By Dave Andrusko
Wednesday was another great day for pro-lifers in South Dakota as Gov. Kristi Noem signed two life-affirming bills into law.
According to Annie Todd of the Sioux Falls Argus Leader
HB 1113 makes it illegal to threaten to coerce an abortion and makes it a class B felony with a statute of limitation of within seven years of the crime being committed or the person reaches the age of 25.
After signing the bills into law, Gov. Noem said, “The time is drawing near for the Supreme Court to issue a ruling on the Dobbs case. I hope that case will overturn Roe v. Wade, but until that day, South Dakota will continue to advance legislation that protects the lives of unborn children.” Dobbs v. Jackson Women’s Health Organization is the Mississippi law that the High Court heard oral arguments on December 1. Dobbs prohibits abortion in most cases after the 15th week.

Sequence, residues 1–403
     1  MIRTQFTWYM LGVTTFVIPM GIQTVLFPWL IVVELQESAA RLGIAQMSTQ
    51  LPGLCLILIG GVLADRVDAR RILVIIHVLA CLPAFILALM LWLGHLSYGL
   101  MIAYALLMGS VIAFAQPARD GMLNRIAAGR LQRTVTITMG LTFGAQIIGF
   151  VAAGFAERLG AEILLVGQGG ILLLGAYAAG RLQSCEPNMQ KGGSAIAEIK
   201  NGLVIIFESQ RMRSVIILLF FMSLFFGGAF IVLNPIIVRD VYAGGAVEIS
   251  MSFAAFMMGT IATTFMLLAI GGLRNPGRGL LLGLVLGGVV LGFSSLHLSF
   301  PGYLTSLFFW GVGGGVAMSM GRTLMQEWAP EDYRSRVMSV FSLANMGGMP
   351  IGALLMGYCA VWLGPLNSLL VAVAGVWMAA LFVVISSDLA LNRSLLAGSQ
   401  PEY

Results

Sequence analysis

Gov. Noem added, “The two bills that I am signing today are crucial because they are also protections for mothers. We must remember that abortion has two victims: both the unborn child who loses their life and the mother who must go through the physical and emotional trauma of the procedure.”
The bill “contains language that stipulates most of it won’t take effect unless the state convinces a federal judge to lift a preliminary injunction against a similar rule Noem attempted to enact last year,” Stephen Groves of the Associated Press reported.
Planned Parenthood, “which operates the state’s only clinic that regularly provides abortion services, sued the state,” said Groves. “It argued the rule was an unconstitutional violation of abortion rights and would have made it practically impossible for the clinic to provide any medicine-induced abortions.”
A sympathetic federal judge, Clinton appointee Judge Karen Schreier, granted a preliminary injunction, agreeing with Planned Parenthood that the rule “likely imposes an undue burden on Planned Parenthood and its patients’ right to seek an abortion.” She fully accepted Planned Parenthood’s argument that the additional rule requiring a third visit would effectively eliminate chemical abortions. Noem has appealed to the 8th Circuit Court of Appeals.
State action took on even greater urgency when the FDA permanently eliminated a long-standing requirement that women pick up the medication in person.
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